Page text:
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Massachusetts Institute of Technology (MIT) License is free license software. The MIT License grants the software end user rights such as copying, modifying, merging, distributing, etc. It is notable for what it does not contain, such as clauses for advertising and prohibition of the use of the copyright owner’s name for promotional uses. The MIT License is a free and open source software similar to the Berkeley Software Distribution (BSD) License.
This term is also known as the Expat License.
MIT and BSD licenses are considered to be much more flexible than even the General Public License. For instance, users have broad copying and distribution rights. Thus, because the MIT license is not subject to copyright, developers are free to make changes to its software as they see fit.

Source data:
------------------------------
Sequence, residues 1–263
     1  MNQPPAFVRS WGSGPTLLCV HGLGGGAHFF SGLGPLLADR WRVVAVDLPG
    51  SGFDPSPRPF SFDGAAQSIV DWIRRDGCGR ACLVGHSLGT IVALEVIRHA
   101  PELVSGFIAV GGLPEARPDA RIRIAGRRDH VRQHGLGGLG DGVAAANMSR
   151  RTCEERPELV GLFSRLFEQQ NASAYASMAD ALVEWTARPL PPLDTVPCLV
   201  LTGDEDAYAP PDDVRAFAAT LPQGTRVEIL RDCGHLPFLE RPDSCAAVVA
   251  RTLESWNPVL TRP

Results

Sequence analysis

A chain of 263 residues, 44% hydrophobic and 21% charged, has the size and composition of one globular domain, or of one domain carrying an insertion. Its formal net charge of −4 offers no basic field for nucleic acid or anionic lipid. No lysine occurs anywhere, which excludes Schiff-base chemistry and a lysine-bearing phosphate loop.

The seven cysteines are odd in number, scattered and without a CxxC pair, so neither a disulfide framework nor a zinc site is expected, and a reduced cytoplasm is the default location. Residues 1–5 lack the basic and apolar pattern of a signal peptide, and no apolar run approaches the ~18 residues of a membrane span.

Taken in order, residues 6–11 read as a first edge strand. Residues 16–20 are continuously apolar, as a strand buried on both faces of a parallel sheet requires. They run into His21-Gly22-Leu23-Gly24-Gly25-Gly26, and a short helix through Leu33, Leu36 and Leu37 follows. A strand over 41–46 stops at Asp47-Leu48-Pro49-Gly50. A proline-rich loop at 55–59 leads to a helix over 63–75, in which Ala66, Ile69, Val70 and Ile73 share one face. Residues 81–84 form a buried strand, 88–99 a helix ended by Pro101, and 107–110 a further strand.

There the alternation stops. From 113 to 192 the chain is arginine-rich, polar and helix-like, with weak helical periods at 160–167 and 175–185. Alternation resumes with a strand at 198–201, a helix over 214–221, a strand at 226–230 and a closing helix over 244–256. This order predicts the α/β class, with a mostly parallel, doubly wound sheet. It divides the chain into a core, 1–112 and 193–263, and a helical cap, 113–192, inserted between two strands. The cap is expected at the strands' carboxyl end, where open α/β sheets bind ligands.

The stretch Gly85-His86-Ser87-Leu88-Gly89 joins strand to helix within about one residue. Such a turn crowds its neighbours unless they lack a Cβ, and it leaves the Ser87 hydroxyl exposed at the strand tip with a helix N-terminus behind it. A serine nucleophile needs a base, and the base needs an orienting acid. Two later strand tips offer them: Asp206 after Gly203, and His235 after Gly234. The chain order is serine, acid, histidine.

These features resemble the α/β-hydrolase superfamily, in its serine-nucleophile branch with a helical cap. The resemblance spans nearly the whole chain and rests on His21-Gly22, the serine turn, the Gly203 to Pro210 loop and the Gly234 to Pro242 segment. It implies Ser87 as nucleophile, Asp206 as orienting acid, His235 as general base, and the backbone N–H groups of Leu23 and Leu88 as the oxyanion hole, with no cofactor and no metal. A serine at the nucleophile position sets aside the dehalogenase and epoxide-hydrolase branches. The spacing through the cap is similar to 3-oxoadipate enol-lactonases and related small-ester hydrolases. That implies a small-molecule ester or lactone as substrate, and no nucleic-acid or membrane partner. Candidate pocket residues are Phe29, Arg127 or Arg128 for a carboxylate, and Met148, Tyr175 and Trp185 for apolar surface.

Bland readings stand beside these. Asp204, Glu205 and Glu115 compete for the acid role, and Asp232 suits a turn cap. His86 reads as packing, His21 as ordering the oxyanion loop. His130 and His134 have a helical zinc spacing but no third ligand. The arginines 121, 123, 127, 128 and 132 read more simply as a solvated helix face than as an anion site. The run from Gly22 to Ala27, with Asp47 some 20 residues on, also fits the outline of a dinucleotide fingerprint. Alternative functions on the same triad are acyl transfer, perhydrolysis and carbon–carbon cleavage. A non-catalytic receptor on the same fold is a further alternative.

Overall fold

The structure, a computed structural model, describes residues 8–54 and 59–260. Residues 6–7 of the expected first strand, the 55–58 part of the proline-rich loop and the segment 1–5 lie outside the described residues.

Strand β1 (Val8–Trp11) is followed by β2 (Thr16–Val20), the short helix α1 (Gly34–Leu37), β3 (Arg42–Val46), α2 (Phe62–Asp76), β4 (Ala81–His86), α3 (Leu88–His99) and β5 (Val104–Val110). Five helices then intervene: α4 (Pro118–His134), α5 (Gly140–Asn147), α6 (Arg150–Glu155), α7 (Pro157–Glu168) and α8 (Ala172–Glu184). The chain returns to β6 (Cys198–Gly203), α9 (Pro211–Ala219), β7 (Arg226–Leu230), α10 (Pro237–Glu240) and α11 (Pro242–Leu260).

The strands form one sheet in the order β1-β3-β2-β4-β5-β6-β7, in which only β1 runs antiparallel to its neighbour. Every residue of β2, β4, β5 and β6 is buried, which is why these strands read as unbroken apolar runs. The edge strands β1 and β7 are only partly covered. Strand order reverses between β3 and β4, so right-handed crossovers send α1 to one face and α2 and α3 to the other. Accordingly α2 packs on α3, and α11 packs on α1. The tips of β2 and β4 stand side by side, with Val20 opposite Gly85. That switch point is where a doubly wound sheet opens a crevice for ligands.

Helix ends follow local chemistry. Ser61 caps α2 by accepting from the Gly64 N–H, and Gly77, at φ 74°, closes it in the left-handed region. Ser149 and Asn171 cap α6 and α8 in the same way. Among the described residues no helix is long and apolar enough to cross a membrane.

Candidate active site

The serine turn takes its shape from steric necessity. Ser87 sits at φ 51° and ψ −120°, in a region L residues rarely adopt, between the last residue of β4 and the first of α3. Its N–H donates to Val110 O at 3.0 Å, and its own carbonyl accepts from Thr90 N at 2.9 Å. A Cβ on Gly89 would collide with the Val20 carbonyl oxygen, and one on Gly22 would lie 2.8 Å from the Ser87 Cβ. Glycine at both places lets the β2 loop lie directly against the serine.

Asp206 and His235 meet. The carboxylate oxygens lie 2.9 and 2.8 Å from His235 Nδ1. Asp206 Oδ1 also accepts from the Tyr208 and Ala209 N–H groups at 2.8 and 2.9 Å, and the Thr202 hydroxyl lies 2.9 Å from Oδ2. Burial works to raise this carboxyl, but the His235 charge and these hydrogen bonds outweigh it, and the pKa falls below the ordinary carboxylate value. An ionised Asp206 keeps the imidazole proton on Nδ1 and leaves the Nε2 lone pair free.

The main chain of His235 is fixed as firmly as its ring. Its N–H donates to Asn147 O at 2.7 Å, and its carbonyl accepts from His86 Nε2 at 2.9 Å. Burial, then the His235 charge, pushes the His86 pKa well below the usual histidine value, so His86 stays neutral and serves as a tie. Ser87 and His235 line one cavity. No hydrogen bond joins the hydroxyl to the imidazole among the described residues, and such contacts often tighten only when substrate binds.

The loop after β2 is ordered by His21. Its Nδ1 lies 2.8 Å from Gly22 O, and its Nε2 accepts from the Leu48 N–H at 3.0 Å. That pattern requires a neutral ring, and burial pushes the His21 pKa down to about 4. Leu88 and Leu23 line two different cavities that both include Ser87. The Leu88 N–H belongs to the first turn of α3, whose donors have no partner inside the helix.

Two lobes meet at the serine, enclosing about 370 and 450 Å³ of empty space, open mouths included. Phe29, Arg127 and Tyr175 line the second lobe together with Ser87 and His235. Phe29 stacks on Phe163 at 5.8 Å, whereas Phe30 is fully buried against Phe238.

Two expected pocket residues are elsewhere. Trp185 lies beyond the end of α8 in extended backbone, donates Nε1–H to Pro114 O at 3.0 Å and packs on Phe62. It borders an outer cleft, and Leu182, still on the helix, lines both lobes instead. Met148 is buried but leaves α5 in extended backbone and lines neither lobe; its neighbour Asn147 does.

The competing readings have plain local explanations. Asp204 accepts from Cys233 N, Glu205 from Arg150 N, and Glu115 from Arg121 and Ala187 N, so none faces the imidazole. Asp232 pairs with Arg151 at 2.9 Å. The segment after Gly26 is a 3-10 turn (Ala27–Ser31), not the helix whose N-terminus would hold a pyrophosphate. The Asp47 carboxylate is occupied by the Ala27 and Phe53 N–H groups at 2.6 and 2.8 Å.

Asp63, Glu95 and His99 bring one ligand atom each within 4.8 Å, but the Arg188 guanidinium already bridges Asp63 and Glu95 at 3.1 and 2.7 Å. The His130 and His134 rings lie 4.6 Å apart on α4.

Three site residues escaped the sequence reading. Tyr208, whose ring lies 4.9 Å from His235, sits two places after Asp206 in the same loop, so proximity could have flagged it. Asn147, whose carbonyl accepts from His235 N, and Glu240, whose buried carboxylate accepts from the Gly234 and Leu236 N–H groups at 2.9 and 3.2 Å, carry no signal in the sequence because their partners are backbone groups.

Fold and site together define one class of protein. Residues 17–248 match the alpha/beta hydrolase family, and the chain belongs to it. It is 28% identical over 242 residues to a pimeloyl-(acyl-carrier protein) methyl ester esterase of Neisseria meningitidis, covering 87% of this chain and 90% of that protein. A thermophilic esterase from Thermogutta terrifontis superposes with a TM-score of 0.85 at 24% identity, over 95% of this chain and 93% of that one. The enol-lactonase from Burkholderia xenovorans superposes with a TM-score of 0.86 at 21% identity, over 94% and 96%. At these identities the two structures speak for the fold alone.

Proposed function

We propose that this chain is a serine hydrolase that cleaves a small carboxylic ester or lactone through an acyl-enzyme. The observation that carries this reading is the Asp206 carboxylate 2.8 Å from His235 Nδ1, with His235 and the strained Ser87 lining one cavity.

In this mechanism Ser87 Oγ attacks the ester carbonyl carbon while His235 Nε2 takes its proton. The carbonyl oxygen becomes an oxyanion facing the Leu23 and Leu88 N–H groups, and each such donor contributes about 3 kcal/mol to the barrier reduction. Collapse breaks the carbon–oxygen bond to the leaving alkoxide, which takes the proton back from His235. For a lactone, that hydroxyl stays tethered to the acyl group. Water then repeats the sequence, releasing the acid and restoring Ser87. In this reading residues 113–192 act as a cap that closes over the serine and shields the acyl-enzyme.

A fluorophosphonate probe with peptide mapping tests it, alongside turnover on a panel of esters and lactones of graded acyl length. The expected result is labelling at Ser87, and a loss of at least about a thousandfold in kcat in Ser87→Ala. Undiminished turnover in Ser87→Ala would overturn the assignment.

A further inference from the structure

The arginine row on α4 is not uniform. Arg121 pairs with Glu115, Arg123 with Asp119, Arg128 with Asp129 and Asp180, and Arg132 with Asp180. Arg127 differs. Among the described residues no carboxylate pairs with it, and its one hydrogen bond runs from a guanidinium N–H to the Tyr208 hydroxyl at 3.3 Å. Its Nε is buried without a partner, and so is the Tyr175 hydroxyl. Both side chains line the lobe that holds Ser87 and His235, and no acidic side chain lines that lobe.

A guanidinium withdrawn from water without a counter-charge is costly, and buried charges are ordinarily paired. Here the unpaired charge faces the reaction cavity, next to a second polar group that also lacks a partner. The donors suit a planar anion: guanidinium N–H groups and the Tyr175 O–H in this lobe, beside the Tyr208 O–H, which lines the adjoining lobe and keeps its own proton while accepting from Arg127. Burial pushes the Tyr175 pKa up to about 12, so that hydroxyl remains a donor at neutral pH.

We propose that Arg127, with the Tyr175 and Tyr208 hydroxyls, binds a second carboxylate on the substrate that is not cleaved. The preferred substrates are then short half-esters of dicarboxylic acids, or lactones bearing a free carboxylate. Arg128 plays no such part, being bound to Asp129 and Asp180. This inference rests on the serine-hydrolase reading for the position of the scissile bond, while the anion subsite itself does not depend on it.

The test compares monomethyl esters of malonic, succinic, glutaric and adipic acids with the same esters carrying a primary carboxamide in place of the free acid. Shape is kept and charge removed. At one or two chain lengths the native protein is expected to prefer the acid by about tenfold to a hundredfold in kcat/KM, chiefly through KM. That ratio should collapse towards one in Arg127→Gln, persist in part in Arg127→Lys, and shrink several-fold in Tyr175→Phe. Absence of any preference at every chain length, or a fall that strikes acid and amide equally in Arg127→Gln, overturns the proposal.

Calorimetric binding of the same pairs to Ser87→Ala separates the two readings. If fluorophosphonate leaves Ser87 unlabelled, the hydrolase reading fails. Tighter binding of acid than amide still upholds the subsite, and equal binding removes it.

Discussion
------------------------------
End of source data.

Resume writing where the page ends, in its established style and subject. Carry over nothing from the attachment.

One of the confusing issues with the MIT License is its identification by several names. MIT actually licenses a variety of software. The Free Software Foundation references the MIT License as the X11 License (the 11th version of the X-Window System), which is the graphing engine for Linux and UNIX systems.
The Open Source Initiative (OSI) does not use the X11 License name. OSI refers to the licensure as the MIT License, as do many agencies and information technology groups and individuals. Some agree that a reasonable compromise would be to refer to it as the MIT X License. Still another name is the Expat License. Regardless of its name, the MIT License is easy to understand and provides code accessibility for most developers.